Addiction

Creating a Community of Caring

Addiction and addiction recovery are realities in our community; they always have been and likely will be into the near future.  Until recently many people in the Jewish community denied that addiction was a Jewish issue.  Now there is a much greater recognition of how addiction challenges our own.  However, many Jewish families still express deep feelings of isolation when confronting addiction in themselves or their loved ones.

There are so many ways, large and small, that each of us can support Jewish families struggling with active addiction or in recovery, to bring them out of isolation and into the loving support our community offers.  Here are some ideas:

Read more

What Community Development Can Teach Us About Self-Development

by Yakov Danishefsky, JCFS Chicago Community Services Intern

Leadership, at its best, is fueled by a fervent desire for change and the ardent commitment to a dream. But zealotry, whatever its worth, is not leadership. Leadership consultant, Marty Linsky, writes that “Leadership is disappointing your people at a rate they can absorb.” If the leader expresses too much passion, she loses her people. Too little passion, and she loses herself and her cause. Being passionate enough to dedicate your life to social-change advocacy, and yet patient and even-keeled enough to do so successfully, is not simple.

Read more

Using Medications Safely: Empowering Older Adults

According to a 2014 report from the U.S. Census Bureau, between 2012 and 2050, the United States will experi­ence considerable growth in its older population (the report defined older population as age 65 and older). The baby boomers are largely responsible for this increase as they began turning 65 in 2011. By 2050, the surviving baby boomers will be over the age of 85.

Read more

September is National Recovery Month

by Dr. Beth Fishman PhD
Manager, Addiction & Misuse Services

September is National Recovery Month, therefore it seems a good time to ask “what is recovery?”  The addiction and misuse services at JCFS Chicago serves Chicago’s Jewish community by raising awareness about addiction issues, educating on addiction, prevention and treatment, referring community members to recovery resources, and supporting Jews in recovery.  So it is equally fitting that addiction and misuse services would bring this question to our community.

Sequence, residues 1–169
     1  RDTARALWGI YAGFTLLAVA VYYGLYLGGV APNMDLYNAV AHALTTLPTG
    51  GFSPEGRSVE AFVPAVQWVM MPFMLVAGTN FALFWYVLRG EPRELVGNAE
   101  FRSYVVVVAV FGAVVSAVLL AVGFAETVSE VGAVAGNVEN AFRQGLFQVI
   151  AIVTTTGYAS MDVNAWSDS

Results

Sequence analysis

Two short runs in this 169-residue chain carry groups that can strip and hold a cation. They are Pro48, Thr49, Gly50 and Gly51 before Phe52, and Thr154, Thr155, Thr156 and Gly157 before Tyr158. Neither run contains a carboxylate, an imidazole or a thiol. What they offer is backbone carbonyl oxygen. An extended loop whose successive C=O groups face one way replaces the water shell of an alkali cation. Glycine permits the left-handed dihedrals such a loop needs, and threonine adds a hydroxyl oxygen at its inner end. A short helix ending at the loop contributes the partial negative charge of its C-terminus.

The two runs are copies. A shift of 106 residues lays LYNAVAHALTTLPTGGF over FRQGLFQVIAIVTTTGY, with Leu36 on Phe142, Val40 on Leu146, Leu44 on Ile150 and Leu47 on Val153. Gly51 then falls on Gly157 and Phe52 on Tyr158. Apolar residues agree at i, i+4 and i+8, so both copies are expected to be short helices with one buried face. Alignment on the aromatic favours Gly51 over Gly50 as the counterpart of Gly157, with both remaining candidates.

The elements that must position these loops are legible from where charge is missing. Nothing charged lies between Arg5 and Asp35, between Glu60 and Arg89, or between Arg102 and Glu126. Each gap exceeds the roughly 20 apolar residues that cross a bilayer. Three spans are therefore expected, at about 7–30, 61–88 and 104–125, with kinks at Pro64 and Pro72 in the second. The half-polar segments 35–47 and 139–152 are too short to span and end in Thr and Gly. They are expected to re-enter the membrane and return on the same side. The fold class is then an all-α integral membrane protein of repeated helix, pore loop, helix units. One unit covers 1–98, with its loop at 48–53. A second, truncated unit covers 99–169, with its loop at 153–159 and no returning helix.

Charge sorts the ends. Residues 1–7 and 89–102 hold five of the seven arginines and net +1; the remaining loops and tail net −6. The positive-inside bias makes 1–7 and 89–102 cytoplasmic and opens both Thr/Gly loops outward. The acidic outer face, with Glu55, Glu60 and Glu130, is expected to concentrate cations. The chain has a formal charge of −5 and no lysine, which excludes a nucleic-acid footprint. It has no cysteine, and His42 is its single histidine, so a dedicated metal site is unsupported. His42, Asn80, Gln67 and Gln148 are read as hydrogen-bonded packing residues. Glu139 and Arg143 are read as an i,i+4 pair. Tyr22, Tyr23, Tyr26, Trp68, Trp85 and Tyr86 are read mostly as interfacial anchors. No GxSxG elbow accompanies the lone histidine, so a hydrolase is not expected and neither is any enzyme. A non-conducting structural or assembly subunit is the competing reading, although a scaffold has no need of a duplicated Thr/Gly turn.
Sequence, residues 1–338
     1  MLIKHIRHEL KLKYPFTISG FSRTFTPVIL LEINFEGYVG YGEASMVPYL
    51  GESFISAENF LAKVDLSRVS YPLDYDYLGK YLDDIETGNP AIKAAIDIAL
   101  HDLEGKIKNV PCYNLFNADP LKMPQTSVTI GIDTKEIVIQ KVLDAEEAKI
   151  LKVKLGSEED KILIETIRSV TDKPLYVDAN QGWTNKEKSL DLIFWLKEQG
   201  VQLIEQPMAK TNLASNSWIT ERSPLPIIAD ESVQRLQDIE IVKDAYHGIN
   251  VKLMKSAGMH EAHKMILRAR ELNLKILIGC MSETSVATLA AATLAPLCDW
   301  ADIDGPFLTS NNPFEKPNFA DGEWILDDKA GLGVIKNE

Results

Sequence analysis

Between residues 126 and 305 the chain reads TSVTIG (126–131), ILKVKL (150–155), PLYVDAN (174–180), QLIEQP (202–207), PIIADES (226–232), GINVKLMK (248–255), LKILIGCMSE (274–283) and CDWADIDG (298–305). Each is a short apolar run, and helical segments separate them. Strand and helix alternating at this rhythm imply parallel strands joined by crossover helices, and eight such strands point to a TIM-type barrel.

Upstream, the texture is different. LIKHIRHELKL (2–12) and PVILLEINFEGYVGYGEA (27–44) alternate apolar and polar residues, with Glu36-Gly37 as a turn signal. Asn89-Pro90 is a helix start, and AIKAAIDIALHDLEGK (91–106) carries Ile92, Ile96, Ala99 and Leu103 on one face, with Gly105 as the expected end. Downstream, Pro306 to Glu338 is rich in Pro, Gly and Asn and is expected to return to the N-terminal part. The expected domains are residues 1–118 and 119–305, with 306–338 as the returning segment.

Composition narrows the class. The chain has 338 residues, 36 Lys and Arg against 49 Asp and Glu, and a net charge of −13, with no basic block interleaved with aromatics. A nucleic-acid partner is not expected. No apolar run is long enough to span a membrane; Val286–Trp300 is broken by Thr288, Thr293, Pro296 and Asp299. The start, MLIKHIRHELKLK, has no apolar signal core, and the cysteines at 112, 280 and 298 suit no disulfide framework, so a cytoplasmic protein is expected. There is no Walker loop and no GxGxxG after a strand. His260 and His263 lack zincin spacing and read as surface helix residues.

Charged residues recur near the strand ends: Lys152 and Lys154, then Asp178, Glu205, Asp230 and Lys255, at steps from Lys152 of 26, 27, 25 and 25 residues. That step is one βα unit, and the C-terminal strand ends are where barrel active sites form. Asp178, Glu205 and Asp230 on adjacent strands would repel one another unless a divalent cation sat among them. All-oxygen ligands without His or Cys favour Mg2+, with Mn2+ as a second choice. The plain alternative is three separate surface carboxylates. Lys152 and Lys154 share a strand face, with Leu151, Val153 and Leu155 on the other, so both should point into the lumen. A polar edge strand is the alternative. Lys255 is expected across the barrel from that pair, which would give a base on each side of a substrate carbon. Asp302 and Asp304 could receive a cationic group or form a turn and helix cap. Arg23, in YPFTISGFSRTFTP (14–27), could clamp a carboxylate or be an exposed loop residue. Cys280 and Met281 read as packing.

Read more

JCARES Professional Training Institute

by Betsy Lazerow, JCARES & Community Services Professional Education Coordinator

JCFS Chicago's Community Services is committed to offering cross-discipline professionals – mental health, social service, health care and addiction treatment professionals; Rabbis and synagogue leadership; law enforcement and legal advocates; administrators and educators – with a diversity of opportunities for learning, networking and dialoguing.  

Read more

Raising Mental Health Awareness

Fifteen year-old Anna lounged on the sofa in Robin Stein’s office, sinking into the cushions with her legs folded beneath her. Though her features remained stoic, the cell phone she cradled shook in the palms of her hand as she rapidly swiped at its surface with her thumbs. “Here,” Anna said, and held the phone out to Stein, a licensed clinical social worker at JCFS Chicago. The screen displayed a somewhat pixelated selfie of a very young girl with a gun pointed at her temple. “She talked about dying all the time.” Anna was in grief therapy with Stein; the girl holding the gun was Anna’s younger sister, Sarah, who had taken her life the year before, ultimately overdosing on a relative’s sleeping pills. Sarah was only 10.

Read more

Our Stories Have Power

by Beth Fishman, PhD and Nina J. Henry, LCPC, CADC

Many individuals in addiction recovery struggle with an important question:  Should they tell people that they are in recovery?  The traditional response would be reflected in a quote from the Twelve Traditions of Alcoholics Anonymous:  “Anonymity is the spiritual foundation of our program.” Guarding anonymity in a world full of stigma against people who struggle with alcohol, drugs and mental disorders was a realistic response.  Individuals in recovery had reason to worry about their vulnerability and often only shared their status as a person in recovery with people they trusted to not judge them.

Read more

Children of Alcoholics: Protecting Our Most Vulnerable Victims

by Amanda Platner, M.A.  Psychological Services Pre-doctoral Intern

“Children in alcoholic families suffer trauma as acute as soldiers in combat; they also carry the trauma like an albatross throughout their lives.” –Pamela Weintraub, Author of "A Toxic Brew," Psychology Today, 2007

Like many diseases, alcoholism affects all members of a family. Some of its most vulnerable victims are children. The National Association for Children of Alcoholics reports that approximately one in five adults grew up in a household with an alcoholic family member. Of the 26.8 million children of alcoholics in the United States, over 40 percent are under the age of 18 (NACoA, 2002). “

Read more

Technology and the Orthodox Community

Everywhere you look, people’s eyes are glued to the screens of their smartphones, iPods and tablets. Commuters on the El or customers waiting in line with their shopping carts at their local Jewel-Osco are scrolling and tapping their hand-held devices—texting, surfing, emailing, gaming, posting and shopping. The Orthodox Jewish community is by no means immune to this digital invasion and it is grappling with how to adhere to Jewish laws in the ubiquitous landscape of technology.

Read more